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865 Intranasal Midazolam and Ketamine for Gastric Aspirates in Children Evaluated for Suspected Tuberculosis
  1. A Chiaretti,
  2. P Valentini,
  3. F Pierri,
  4. C Fantacci,
  5. O Genovese,
  6. D Buonsenso
  1. Catholic University of the Sacred Heart, Rome, Italy

Abstract

Background and Aims To confirm the diagnosis of pulmonary tuberculosis in children sequential gastric lavages are recommended. Limitations of gastric lavage include the need for an overnight fast, repeated specimens, and low sensitivity. Moreover, the procedure is very unpleasant for children, parents, and health workers; so sedation may be recommended. We evaluate the safety and efficacy of intranasal administration of midazolam and ketamine in uncooperative children undergoing gastric aspirates to diagnose pulmonary tuberculosis.

Methods We studied 11 children with suspected tuberculosis. Gastric lavages were done on three consecutive days after intranasal administration of midazolam (0.5 mg/kg) and ketamine (2 mg/kg) by a mucosal atomizer device. Pain score was assessed by the MOPS score, ranging from 0 to 10 (the higher the score the greater the pain experienced for the child). Gastric specimens underwent polymerase chain reaction for Mycobacterium tuberculosis and were stained for acid-fast bacilli.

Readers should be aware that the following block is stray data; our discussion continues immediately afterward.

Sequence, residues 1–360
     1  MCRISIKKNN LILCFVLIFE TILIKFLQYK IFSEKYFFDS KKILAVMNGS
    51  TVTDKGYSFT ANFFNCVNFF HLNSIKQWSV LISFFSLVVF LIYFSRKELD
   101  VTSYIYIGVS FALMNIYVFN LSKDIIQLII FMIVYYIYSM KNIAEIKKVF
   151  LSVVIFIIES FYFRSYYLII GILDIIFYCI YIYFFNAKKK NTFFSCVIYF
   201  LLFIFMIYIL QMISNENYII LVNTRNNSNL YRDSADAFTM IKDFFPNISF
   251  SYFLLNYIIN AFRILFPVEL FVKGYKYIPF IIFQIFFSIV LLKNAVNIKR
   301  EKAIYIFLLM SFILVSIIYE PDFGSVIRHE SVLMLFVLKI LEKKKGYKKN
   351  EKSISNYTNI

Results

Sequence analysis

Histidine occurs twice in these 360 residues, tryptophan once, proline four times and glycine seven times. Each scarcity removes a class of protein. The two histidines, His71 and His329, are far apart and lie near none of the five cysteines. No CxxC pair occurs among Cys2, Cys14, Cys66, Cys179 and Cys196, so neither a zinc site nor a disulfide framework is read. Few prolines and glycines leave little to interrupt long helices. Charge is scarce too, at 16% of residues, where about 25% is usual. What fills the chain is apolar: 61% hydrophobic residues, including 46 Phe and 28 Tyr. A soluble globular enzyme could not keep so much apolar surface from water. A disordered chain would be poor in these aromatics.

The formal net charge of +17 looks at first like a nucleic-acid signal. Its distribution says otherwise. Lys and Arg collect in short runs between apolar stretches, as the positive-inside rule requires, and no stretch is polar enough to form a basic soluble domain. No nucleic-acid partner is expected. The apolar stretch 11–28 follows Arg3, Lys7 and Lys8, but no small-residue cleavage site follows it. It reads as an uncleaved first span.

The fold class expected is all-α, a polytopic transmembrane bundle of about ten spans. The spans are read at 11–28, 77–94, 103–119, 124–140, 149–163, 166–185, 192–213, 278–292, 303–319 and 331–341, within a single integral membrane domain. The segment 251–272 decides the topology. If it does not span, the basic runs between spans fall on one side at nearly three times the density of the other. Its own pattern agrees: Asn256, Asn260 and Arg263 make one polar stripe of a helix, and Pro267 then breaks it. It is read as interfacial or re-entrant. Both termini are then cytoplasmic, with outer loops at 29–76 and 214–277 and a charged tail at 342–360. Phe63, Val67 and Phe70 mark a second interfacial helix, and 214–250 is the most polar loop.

Results We performed 33 procedures. Median age of children was 56.4 months (13–360). 10 children were diagnosed with pulmonary tuberculosis and another 1 with latent tuberculosis. Mean MOPS score was 4 (range 2–8). The degree of sedation achieved enabled all procedures to be completed without requiring additional drugs. The only side effect registered was transitory euphoria in 6 cases (18%). Sedation was always well accepted by both parents and health workers.

Conclusions This study has shown that the combined use of intranasal Midazolam and Ketamine appears to be a safe and effective method to achieve children’s short-term sedation and to facilitate the gastric lavage procedures.

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